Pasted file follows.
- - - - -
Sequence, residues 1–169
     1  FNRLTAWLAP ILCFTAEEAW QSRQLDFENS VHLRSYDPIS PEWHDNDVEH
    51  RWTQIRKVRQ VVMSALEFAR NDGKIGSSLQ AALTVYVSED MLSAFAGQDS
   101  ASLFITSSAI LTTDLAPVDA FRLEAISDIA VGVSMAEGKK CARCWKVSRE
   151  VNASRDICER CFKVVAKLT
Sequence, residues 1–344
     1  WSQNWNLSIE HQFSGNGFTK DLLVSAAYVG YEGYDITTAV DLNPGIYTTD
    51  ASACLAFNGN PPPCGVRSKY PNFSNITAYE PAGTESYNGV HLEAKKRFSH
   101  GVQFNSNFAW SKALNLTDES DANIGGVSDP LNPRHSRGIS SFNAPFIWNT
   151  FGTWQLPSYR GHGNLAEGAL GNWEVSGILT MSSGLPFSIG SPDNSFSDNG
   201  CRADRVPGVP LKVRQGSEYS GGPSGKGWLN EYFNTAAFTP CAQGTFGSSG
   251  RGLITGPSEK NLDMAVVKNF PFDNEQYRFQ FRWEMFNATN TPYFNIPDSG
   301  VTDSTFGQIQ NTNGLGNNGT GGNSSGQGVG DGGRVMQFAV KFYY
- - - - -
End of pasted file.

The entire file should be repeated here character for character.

Sequence, residues 1–169
     1  FNRLTAWLAP ILCFTAEEAW QSRQLDFENS VHLRSYDPIS PEWHDNDVEH
    51  RWTQIRKVRQ VVMSALEFAR NDGKIGSSLQ AALTVYVSED MLSAFAGQDS
   101  ASLFITSSAI LTTDLAPVDA FRLEAISDIA VGVSMAEGKK CARCWKVSRE
   151  VNASRDICER CFKVVAKLT
Sequence, residues 1–344
     1  WSQNWNLSIE HQFSGNGFTK DLLVSAAYVG YEGYDITTAV DLNPGIYTTD
    51  ASACLAFNGN PPPCGVRSKY PNFSNITAYE PAGTESYNGV HLEAKKRFSH
   101  GVQFNSNFAW SKALNLTDES DANIGGVSDP LNPRHSRGIS SFNAPFIWNT
   151  FGTWQLPSYR GHGNLAEGAL GNWEVSGILT MSSGLPFSIG SPDNSFSDNG
   201  CRADRVPGVP LKVRQGSEYS GGPSGKGWLN EYFNTAAFTP CAQGTFGSSG
   251  RGLITGPSEK NLDMAVVKNF PFDNEQYRFQ FRWEMFNATN TPYFNIPDSG
   301  VTDSTFGQIQ NTNGLGNNGT GGNSSGQGVG DGGRVMQFAV KFYY